In 1984, Harold McGee’s beloved book, On Food and Cooking renewed our awareness of the inextricable link between science and cooking, and we began to shift our attention towards the value of that relationship. In 2011, Modernist Cuisine took the science of food to a new aesthetic extreme. In that span of 30 years, the culture and attitudes surrounding food science have evolved as much as its tools and technology. Harold McGee, Maxime Bilet, and Anne McBride discuss these advances, illustrated in the contrasts between these two ground-breaking books.
Anne E. McBride is the culinary program and editorial director for strategic initiatives at The Culinary Institute of America, where her responsibilities include leading the programming for the Worlds of Flavor® International Conference & Festival. She co-authored Les Petits Macarons: Colorful French Confections to Make at Home and Culinary Careers: How to Get Your Dream Job in Food, and, with famed pastry chef François Payard, Chocolate Epiphany and Bite Size. McBride is working towards a Ph.D. in food studies at New York University, where she taught for six years. She is the director of the Experimental Cuisine Collective, an NYU-based interdisciplinary group of more than 2,300 scientists, chefs, media, scholars, and food enthusiasts, and regularly writes on topics related to professional and experimental cooking, including contributions to Food Arts, Gastronomica, the Oxford Encyclopedia of Food and Drink in America, and Food Cultures of the World. She is a board member of the Association for the Study of Food and Society, was a two-term board member of the New York Women’s Culinary Alliance, and is a judge for the James Beard Awards.
Maxime Bilet is the co-author of Modernist Cuisine: The Art and Science of Cooking, which received the 2012 Book of the Year Award from the James Beard Foundation and the International Association of Culinary Professionals’ Visionary Achievement, among many other awards. He is also the co-author and of Modernist Cuisine at Home.
For six years, he was the director of culinary arts and sciences at The Cooking Lab, housed within Nathan Myhrvold’s Intellectual Ventures Lab in Seattle. He led the research and development for all projects related to The Cooking Lab, as well as conceptualizing and overseeing the unique photography and aesthetic of both books. He and his work have also appeared in television programs, including The Martha Stewart Show, Andrew Zimmern’s Bizarre Foods, Top Chef Seattle, and the History Channel’s Modern Marvels. Forbes named him one of the top “30 under 30” in the food and wine industry in 2011, and Scoffier one of the best emerging chefs of that year.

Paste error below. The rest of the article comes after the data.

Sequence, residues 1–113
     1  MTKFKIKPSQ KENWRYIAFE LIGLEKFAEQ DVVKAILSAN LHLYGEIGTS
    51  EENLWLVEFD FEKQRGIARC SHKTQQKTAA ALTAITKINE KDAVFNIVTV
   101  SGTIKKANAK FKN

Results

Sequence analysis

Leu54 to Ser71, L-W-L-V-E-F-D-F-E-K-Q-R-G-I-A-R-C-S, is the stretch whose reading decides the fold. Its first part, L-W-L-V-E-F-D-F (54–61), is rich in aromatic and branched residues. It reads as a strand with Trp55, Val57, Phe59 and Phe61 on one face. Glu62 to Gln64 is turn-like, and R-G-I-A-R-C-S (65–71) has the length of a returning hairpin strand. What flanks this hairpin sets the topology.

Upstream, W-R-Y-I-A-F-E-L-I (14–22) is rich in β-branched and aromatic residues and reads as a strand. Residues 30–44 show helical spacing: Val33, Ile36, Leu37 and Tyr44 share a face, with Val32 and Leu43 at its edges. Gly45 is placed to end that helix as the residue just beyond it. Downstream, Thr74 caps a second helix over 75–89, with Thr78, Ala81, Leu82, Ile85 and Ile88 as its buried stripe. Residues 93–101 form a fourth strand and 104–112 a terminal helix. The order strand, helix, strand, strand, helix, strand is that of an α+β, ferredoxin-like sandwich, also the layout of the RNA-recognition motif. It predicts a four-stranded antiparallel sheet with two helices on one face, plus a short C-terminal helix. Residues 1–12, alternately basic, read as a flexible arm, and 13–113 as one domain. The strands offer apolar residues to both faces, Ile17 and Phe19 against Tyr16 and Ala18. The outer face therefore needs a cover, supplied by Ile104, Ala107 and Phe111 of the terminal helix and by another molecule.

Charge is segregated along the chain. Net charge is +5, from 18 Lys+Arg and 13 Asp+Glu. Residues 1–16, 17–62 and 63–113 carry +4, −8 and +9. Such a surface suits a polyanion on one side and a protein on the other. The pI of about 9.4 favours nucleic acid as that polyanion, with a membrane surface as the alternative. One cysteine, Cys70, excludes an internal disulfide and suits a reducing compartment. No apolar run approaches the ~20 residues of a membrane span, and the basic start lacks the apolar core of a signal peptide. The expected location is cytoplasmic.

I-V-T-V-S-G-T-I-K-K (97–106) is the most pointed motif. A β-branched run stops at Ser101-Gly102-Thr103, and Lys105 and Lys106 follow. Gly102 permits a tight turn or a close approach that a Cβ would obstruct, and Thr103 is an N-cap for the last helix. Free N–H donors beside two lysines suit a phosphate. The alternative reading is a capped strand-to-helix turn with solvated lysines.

Marion Nestle is the Paulette Goddard Professor of Nutrition, Food Studies, and Public Health at NYU. She holds a doctorate in molecular biology. Her books, Food Politics and What to Eat won James Beard Awards; Why Calories Count won the 2013 IACP food matters book award. The UC Berkeley School of Public Health awarded her its Public Health Hero citation, and Time Magazine ranked her twitter feeds among the top ten in science and health.
Harold McGee writes about the science of food and cooking. He has been named food writer of the year by Bon Appetit magazine, and to the Time 100, an annual list of the world’s most influential people. He started out studying physics and astronomy at the California Institute of Technology, and then English literature at Yale University. In 1984 he published On Food and Cooking: The Science and Lore of the Kitchen. Twenty years later, the revised and enlarged edition of On Food and Cooking won several awards, and is now a standard reference in culinary schools and kitchens worldwide. His most recent book, Keys to Good Cooking, was published in 2010, and from 2006 to 2011 he wrote the “Curious Cook” column in the New York Times.